Chris Taylor obituary

·2 min read

My friend Chris Taylor, who has died of cancer aged 69, described herself modestly on Twitter as “Director of New Writing South, lapsed writer, aspiring cook”. She was rather more than that. Chris was a force. She set up New Writing South, a non-profit organisation, to champion and encourage writers, after running a successful theatre PR business, and also pursued her own creative practice in both writing and the visual arts.

Chris was born in London, the daughter of Rose (nee Warshafski), a legal secretary, and Len Taylor, a school teacher. She enjoyed art at primary school and discovered theatre at secondary school in Southall, where she played lead roles in school productions.

She trained as a teacher at Padgate College, Cheshire, and spent a couple of years as a youth worker in Ealing, west London. A chance meeting in a pub in 1979, however, led to Chris co-managing the New Inn, a small pub theatre in Ealing, for two years. She described this as the steepest learning curve of her career. She booked, cast, stage managed and acted in the shows, as well as running the box office and front of house.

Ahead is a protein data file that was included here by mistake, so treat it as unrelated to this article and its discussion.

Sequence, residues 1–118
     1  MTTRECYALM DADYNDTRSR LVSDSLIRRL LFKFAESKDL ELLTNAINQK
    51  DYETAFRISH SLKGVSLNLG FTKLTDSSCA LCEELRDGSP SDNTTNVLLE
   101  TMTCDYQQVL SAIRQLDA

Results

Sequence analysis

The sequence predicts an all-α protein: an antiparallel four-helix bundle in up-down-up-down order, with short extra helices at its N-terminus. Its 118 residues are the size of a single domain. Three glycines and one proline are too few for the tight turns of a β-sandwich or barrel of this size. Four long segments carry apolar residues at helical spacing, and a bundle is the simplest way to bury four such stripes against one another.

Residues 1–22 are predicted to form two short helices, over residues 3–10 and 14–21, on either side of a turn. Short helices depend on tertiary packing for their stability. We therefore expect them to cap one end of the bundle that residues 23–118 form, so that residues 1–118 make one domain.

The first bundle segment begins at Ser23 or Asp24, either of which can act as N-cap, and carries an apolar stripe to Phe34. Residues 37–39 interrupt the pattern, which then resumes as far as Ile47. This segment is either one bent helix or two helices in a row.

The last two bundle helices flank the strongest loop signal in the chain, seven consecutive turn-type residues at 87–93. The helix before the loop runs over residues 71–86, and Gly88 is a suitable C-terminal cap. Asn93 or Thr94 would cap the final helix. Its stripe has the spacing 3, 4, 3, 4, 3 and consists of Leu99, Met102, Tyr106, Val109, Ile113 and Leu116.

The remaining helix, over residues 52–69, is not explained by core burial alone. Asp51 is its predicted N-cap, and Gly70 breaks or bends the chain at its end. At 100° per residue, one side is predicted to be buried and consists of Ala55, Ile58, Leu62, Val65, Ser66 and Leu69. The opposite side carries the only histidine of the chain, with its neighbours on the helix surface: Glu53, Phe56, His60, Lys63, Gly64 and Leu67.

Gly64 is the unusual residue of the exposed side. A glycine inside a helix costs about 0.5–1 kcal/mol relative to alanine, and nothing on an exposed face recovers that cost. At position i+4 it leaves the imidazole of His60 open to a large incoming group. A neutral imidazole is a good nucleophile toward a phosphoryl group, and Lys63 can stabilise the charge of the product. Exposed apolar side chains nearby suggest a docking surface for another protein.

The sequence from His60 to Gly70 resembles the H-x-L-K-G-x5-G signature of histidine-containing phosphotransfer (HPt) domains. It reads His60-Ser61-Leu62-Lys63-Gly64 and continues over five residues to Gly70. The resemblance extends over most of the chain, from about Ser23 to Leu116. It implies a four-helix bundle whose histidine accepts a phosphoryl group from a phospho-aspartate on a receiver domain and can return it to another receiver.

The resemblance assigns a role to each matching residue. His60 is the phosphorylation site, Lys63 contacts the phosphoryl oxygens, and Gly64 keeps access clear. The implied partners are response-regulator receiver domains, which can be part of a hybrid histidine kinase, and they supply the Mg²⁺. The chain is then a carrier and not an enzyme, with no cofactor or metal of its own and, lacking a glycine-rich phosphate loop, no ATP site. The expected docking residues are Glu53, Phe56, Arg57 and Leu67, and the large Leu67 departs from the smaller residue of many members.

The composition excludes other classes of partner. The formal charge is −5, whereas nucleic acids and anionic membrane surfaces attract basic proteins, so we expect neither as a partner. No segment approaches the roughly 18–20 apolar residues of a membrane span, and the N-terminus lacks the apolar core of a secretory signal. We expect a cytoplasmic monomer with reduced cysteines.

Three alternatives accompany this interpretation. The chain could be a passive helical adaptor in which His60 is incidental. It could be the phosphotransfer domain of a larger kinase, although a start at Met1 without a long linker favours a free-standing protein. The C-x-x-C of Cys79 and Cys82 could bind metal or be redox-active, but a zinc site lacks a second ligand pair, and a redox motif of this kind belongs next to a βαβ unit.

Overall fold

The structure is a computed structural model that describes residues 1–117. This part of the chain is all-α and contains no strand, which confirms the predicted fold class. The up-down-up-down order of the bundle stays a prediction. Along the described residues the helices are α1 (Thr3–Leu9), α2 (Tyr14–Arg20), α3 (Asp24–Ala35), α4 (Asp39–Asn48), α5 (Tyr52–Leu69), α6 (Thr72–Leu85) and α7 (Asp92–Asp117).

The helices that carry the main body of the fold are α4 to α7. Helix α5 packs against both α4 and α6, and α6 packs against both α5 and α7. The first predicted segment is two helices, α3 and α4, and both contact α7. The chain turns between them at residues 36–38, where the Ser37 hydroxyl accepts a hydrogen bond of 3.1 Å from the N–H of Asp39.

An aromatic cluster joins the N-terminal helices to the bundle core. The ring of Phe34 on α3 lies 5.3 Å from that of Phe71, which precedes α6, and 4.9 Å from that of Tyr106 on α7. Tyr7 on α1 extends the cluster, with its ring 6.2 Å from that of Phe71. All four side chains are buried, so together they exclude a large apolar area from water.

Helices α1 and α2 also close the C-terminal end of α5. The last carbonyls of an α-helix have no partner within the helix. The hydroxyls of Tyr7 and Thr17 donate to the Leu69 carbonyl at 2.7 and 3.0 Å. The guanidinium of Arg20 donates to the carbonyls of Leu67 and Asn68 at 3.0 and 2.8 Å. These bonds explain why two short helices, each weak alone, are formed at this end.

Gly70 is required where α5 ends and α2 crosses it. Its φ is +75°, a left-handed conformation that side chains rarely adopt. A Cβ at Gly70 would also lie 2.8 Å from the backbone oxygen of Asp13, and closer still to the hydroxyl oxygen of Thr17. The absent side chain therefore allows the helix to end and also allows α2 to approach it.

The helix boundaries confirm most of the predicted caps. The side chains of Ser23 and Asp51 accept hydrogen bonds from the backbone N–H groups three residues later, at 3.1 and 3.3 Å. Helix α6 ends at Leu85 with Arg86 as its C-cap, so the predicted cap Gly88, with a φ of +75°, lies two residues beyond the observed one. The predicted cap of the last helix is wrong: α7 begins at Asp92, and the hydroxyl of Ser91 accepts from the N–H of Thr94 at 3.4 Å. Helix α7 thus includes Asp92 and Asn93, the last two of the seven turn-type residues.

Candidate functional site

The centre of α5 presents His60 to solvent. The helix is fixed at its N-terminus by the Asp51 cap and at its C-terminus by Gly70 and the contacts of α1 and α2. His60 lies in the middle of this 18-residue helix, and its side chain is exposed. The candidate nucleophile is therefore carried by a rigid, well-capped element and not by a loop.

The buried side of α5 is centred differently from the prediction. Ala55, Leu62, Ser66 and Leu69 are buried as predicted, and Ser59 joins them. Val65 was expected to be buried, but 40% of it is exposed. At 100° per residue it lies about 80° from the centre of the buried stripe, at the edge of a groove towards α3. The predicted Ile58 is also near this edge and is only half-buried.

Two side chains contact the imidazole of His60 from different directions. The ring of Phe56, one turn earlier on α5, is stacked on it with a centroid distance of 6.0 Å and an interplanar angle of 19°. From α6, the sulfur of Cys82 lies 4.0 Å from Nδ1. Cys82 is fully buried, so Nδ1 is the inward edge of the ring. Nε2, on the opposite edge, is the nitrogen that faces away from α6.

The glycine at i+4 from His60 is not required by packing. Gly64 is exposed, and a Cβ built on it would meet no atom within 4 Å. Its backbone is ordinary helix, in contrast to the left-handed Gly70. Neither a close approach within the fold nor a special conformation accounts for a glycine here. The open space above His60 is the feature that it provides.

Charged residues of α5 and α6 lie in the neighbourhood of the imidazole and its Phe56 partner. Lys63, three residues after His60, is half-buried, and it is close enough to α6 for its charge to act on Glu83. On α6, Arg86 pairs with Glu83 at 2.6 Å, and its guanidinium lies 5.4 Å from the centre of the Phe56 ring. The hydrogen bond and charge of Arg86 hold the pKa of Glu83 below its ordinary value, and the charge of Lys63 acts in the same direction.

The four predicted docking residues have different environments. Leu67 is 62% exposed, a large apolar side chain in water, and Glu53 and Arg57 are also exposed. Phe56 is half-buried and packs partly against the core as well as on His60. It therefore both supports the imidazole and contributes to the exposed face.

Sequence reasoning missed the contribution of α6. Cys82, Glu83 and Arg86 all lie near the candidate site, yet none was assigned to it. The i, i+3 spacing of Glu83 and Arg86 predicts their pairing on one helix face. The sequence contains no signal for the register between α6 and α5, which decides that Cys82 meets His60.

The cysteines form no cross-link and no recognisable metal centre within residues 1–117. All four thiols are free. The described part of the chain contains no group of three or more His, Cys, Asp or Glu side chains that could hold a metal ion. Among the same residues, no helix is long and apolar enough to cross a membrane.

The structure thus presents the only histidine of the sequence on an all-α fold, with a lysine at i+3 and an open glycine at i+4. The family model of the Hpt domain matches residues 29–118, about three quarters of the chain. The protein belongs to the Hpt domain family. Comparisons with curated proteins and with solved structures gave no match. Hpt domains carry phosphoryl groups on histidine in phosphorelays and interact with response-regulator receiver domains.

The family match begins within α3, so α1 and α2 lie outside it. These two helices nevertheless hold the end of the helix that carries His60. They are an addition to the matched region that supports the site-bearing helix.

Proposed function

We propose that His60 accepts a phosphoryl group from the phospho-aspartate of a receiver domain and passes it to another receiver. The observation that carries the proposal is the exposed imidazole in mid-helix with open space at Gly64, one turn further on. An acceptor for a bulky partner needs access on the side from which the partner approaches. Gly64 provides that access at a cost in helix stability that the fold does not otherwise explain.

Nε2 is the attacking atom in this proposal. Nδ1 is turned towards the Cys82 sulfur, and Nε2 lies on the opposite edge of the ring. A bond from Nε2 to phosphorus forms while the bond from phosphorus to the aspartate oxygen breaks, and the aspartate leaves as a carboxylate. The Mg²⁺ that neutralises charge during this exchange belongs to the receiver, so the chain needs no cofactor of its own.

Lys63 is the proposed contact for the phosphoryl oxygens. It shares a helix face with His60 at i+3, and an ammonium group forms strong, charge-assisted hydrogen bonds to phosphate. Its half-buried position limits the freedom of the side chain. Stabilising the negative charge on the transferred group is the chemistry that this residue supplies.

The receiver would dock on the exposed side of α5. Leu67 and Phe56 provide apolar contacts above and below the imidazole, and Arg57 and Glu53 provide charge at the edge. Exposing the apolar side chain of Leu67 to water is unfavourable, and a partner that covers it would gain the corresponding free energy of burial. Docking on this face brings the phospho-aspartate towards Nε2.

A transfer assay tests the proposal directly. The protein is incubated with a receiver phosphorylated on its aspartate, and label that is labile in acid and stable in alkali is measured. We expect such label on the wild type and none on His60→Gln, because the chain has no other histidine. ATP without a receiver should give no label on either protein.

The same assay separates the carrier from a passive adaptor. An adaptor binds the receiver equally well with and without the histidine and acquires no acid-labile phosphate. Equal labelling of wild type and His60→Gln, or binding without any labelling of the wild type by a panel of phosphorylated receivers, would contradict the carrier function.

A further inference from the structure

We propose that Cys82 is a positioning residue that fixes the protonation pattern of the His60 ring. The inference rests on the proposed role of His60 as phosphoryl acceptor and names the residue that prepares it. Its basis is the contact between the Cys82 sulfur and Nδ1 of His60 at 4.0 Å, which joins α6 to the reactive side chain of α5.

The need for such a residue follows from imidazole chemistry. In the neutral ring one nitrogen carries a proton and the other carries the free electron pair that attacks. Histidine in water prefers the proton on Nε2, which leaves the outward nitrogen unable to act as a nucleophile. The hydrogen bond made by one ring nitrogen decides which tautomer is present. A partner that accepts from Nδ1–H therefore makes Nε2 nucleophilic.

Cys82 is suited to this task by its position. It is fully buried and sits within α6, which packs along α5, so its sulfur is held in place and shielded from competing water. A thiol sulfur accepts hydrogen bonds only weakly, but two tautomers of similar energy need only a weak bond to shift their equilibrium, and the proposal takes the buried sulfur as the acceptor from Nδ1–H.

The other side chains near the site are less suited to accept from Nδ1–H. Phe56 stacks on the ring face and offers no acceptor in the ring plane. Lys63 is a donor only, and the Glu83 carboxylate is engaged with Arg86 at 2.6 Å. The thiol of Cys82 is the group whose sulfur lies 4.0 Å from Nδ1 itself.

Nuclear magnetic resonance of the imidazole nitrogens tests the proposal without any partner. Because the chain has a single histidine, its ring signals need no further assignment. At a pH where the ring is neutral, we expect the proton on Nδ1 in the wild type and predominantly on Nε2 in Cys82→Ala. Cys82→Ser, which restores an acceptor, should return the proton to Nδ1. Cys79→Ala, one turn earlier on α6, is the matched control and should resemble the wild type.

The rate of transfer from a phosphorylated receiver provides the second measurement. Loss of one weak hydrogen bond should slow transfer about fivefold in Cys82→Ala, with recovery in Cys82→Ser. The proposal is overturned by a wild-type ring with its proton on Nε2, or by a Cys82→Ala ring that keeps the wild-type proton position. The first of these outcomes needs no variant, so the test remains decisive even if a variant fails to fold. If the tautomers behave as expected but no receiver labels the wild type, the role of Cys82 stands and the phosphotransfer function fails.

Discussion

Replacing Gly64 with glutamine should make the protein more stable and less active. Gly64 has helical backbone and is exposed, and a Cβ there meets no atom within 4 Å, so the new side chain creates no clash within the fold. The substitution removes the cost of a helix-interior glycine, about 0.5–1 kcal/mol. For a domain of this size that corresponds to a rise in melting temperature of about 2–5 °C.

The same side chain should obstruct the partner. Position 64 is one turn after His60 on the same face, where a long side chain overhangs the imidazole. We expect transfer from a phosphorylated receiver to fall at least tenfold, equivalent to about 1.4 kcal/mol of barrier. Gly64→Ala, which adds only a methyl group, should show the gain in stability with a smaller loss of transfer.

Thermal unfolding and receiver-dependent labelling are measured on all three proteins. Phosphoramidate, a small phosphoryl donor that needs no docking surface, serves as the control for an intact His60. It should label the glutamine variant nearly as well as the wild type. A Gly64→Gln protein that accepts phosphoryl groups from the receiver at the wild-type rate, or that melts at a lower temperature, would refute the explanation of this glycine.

She was also beginning to cultivate her skills as a publicist. In 1981 she went to work at Fairfield Halls in Croydon and in 1982 went on to become head of publicity for Cambridge Theatre Company. In Cambridge she also met David Robbins around the same time. They later married in 1996 but later divorced.

In the mid-1980s Chris returned to London to do freelance press and publicity for arts organisations, ranging from the National Theatre to the community focused Albany centre in Deptford. In 1987 she set up her own PR agency, known at various times as Taylor’s and Black and White. She represented English National Ballet, the English Shakespeare Company and the Young Vic, and also companies with a focus on new writing, such as Paines Plough and Temba.

Chris’s final move, in the late 1992, was to Brighton. Initially she continued with theatre press and PR work but in 1999 took a master’s in creative writing at Sussex University. From the contacts she made there came a new organisation, Pier Playwrights, initially run from her front room. Chris’s organising and networking skills and enthusiasm played a big part in making Pier Playwrights grow to become New Writing South, now an Arts Council funded National Portfolio Organisation.

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Chris retired from New Writing South in 2016. Renowned for her hospitality, she then ran a catering company from her tiny kitchen.

She is survived by her mother, Rose, sister, Ros, and nephew, Sam. Her father and a brother, Laurence, predeceased her.





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